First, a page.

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Sony RX10iii for birding/wildlife (1 Viewer)

njlarsen

Gallery Moderator
Opus Editor
Supporter
Barbados
F# is about light per surface area. Depth of field is determined by F# and sensor size: if F# is the same, then depth of field is narrower as the sensor gets larger.

Niels
 

Steve Babbs

Well-known member
So at the risk of appearing patronising from an in the field point of view F4 on a SLR may well give too shallow a depth of field but with a smaller sensor it is more likely to be okay. I do miss the narrow depth of field for 'arty' shots (although I have kept a SLR body and smaller lenses for these) but mostly the greater depth of field is an advantage with wildlife photography.
 

njlarsen

Gallery Moderator
Opus Editor
Supporter
Barbados
So at the risk of appearing patronising from an in the field point of view F4 on a SLR may well give too shallow a depth of field but with a smaller sensor it is more likely to be okay. I do miss the narrow depth of field for 'arty' shots (although I have kept a SLR body and smaller lenses for these) but mostly the greater depth of field is an advantage with wildlife photography.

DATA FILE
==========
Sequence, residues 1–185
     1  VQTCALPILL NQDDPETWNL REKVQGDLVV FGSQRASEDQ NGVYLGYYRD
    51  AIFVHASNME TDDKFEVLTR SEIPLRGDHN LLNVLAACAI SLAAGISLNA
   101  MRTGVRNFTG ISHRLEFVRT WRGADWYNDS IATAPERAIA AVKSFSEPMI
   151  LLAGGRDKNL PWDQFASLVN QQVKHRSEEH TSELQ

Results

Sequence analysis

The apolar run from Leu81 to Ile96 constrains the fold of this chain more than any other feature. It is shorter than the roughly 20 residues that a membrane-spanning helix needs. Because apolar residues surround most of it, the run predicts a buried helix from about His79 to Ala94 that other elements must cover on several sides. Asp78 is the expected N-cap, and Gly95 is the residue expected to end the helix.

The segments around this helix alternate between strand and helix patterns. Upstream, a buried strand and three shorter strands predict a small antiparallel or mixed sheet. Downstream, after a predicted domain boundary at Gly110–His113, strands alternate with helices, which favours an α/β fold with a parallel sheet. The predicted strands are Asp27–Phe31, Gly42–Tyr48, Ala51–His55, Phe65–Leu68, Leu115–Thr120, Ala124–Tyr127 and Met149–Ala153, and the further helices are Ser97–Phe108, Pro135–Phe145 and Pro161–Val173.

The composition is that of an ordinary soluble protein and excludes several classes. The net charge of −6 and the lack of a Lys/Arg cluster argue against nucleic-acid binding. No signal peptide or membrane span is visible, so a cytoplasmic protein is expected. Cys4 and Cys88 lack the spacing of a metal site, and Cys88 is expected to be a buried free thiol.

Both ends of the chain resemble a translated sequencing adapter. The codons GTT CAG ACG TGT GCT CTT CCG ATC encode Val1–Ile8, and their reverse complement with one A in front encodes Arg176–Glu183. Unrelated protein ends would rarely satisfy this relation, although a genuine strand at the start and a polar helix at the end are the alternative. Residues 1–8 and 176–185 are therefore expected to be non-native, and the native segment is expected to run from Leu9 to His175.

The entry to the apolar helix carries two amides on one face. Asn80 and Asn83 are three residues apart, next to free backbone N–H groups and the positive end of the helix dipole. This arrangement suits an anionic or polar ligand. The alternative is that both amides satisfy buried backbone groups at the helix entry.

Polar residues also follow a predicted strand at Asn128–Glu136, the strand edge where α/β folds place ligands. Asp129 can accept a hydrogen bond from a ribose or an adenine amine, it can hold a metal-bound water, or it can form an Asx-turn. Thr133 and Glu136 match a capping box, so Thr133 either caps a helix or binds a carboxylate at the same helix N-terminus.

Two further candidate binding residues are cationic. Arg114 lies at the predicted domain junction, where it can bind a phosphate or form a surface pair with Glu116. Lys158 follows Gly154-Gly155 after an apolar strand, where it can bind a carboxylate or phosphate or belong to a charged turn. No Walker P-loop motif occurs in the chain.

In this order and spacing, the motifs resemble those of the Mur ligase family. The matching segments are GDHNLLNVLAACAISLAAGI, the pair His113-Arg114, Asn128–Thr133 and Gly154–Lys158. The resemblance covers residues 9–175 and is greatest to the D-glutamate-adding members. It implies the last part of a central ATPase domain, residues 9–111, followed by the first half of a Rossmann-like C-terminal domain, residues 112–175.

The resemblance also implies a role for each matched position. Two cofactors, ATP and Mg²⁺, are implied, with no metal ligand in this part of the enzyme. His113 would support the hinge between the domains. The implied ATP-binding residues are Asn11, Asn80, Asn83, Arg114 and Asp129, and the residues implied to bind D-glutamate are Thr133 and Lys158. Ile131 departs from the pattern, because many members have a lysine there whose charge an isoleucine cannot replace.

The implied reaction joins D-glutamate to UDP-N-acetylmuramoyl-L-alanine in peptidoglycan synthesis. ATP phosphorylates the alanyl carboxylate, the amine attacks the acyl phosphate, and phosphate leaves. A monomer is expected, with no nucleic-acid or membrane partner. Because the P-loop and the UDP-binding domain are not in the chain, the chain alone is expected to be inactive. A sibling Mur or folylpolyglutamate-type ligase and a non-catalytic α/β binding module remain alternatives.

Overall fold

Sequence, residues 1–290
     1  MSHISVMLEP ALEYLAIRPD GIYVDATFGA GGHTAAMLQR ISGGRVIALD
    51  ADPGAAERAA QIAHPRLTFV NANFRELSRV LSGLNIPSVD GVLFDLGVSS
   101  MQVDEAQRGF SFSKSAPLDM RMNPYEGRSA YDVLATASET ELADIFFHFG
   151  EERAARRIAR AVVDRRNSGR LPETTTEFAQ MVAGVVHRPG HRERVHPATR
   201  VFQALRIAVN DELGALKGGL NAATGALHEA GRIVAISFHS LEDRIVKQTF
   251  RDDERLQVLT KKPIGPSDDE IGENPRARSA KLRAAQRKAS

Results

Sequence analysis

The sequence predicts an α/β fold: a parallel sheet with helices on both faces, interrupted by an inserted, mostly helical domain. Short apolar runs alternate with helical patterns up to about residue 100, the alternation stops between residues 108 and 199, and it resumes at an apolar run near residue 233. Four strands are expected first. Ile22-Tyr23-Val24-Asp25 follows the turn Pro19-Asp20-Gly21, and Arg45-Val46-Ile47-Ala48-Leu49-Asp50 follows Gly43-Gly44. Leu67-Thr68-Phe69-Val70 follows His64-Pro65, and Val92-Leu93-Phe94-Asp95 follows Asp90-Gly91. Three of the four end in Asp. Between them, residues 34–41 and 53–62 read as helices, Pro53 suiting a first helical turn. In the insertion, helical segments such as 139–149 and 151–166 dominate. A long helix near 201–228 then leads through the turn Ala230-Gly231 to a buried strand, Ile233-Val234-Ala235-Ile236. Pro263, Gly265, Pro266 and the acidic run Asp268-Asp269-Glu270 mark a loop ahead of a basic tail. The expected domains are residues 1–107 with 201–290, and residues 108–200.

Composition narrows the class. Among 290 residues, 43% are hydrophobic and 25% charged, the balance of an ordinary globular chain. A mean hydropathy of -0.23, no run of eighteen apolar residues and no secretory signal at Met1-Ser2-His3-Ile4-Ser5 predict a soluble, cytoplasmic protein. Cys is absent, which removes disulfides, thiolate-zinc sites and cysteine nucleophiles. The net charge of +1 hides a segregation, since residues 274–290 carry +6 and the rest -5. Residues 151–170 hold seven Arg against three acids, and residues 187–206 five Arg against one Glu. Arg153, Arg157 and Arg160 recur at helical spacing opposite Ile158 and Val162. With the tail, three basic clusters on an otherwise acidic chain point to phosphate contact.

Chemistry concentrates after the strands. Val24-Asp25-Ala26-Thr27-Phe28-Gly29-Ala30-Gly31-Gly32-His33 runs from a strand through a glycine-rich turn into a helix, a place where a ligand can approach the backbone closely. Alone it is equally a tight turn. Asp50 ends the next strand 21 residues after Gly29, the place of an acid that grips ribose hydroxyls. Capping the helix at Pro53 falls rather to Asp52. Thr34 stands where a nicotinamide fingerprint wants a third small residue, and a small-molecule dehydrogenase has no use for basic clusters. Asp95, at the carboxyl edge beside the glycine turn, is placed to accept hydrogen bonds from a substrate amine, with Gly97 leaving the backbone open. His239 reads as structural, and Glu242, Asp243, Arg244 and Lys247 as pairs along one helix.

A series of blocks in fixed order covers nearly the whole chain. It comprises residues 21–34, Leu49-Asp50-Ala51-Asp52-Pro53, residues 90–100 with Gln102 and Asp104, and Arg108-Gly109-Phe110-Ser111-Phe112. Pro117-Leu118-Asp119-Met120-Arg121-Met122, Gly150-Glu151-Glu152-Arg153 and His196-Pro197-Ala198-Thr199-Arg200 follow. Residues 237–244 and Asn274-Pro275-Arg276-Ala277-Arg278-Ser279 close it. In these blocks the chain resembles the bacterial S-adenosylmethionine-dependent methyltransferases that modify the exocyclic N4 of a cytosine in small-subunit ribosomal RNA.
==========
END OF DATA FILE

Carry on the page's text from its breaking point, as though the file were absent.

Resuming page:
I to some extent agree with the section in bold but also know that there are people who disagree. Each to their own.

Niels
 

Steve Babbs

Well-known member
I to some extent agree with the section in bold but also know that there are people who disagree. Each to their own.

Niels
Hence the word mostly. I totally agree there are times when, especially when going for a more atmospheric shot or when keen to make things stand out from a background, I would deliberately choose a shallow fov.
 

Swissboy

Sempach, Switzerland
Supporter
Switzerland
Hi Robert - it's an olive-backed sunbird, Cinnyris jugularis. Singapore's most common sunbird, easily seen all over the island, including in most urban parks etc.

Best regards,
patudo

Thanks Patudo! Turns out that I have seen it in SE Asia (according to my notes), but not in Singapore. And I could not remember it at any rate. It's also been a few years.
 

MKinHK

Mike Kilburn
Hong Kong

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Swissboy

Sempach, Switzerland
Supporter
Switzerland
Here's a few more pix from my now 41/2 yr-old RX10iii. Recently I found a great video on YouTube from a South African photographer about using the smallest focal area which has been delivering some good results. As ever good light and getting close are also important prerequisites for getting the best out of the camera.

The Lesser Blue-eared Starling is of course an escape.

Cheers
Mike
Thanks Mike, very convincingly demonstrates the high quality of both camera and photographer! :)
I need to look into this YouTube video as I have the RX10iv.
 

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